Losing sight of blessings

Losing sight of blessings

By the time I was in the hands of ‘combat healers’, a lot of time had been wasted as weakness and rising temperatures took a toll. Photo for representation only.

Col HP Singh (retd)

I never fall ill!’ This would be my retort whenever anyone provided unsolicited health advice. An operation of tonsils four decades ago was perhaps the only occasion that necessitated a hospitalisation. As they say, one must keep one’s fingers crossed and not brag about the benedictions of divine radiance. I fell unwell one day, the two-pronged attack of dengue and typhoid was like a stone dropped in a placid pool whose ripples would take several days to subside. When the platelet count nosedived, I was taken to the nearest private hospital. Not satisfied with the medical care provided, we decided to shift to a military hospital. ‘A patient recovered is a customer lost,’ sarcasm was the only weapon I could use before paying my bill of almost half a lakh for those few hours in their ‘therapeutic captivity’. By the time I was in the hands of ‘combat healers’, a lot of time had been wasted as weakness and rising temperatures took a toll.

It was that collapse at an ungodly hour in the dark of night that created panic, sending me off to the ICU. The last time one experienced a loss of consciousness was during flying training days when my instructor subjected me to a high level of anti-gravity acceleration. This time, the experience came in a rather embarrassing place — the washroom.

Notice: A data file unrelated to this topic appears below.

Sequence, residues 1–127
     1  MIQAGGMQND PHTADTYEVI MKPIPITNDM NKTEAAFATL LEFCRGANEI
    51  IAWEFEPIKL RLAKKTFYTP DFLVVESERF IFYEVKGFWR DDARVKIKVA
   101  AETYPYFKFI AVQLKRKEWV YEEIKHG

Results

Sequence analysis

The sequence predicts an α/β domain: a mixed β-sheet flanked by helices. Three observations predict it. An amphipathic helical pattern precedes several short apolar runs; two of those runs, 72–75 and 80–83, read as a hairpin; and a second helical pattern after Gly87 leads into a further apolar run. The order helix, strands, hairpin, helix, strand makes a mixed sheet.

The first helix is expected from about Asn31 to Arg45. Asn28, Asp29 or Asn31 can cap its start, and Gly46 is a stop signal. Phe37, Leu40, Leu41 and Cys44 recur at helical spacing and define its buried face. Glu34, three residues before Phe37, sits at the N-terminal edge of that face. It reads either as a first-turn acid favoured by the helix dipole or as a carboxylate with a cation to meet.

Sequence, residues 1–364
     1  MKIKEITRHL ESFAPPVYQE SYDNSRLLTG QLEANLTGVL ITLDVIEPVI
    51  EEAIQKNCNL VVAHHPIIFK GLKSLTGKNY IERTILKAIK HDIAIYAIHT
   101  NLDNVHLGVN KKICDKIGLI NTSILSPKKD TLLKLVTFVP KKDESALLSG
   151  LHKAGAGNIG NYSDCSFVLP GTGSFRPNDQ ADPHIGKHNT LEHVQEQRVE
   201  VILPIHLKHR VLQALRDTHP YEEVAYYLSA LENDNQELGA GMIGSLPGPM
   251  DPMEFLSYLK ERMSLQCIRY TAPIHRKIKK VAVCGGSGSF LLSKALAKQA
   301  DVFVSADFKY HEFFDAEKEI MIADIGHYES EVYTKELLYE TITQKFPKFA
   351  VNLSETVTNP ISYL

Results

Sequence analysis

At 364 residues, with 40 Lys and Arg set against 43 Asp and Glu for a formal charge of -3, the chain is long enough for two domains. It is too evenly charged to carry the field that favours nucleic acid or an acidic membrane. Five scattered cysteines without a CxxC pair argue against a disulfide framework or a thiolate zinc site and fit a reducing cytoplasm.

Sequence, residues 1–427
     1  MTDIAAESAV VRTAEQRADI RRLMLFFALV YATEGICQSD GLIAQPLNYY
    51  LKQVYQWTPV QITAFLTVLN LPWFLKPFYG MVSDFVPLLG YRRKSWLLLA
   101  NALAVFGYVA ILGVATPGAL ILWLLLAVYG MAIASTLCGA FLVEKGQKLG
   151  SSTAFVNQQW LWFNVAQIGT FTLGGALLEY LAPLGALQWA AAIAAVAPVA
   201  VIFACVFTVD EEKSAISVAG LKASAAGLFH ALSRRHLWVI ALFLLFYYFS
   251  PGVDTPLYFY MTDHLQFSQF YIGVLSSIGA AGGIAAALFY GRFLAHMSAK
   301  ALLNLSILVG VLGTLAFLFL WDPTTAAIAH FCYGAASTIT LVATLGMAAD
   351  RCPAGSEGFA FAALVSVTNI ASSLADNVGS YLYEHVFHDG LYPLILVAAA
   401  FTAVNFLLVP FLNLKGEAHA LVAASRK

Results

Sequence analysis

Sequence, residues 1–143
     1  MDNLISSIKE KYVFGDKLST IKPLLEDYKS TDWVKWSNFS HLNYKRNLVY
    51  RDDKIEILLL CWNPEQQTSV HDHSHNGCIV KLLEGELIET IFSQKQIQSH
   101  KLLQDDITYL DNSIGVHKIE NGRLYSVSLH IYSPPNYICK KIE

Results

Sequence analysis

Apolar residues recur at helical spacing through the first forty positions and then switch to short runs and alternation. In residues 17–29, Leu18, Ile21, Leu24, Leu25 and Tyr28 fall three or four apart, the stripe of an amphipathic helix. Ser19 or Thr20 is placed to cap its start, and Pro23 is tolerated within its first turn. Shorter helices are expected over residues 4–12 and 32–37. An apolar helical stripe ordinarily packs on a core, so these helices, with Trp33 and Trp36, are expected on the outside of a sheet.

Wired with instruments monitoring various parameters inside my body, seldom in my life have I known hours like these. Infusion of platelets, medicines and fluids through my veins was another maiden experience. With five of my co-patients on ventilator and one with terminal cancer, my heart went out seeing their plight and wondered if they would ever lead a normal life hereafter. Even though placed in a much better league, I struggled to maintain high spirits in that gloomy odour of sorrow. The praiseworthy doctors worked round the clock like a shadow of god on earth in their struggle of pulling out patients from the jaws of death.

As I waited for time to heal me, I felt a conviction grow. If life was the greatest gift, then healthy life was a jewel in the crown. There was so much life had offered and still one succumbed to ego, jealousy and anger, disturbing the harmony of the body, mind and spirit. Wasn’t it better to count your blessings rather than nurture the pain of regrets, deficiencies and failures?

While I have no clue where I fit in the great scheme of things, nor do I seem to have any role in the cosmic drama, thankfully the veil of illusion that had clouded my vision has lifted. I walked out of the hospital, emaciated but wiser with a heart full of gratitude, leaving little room for negativity. Thank God for adversity, it has finally dawned upon me that happiness is the highest form of health and the only constant in life.

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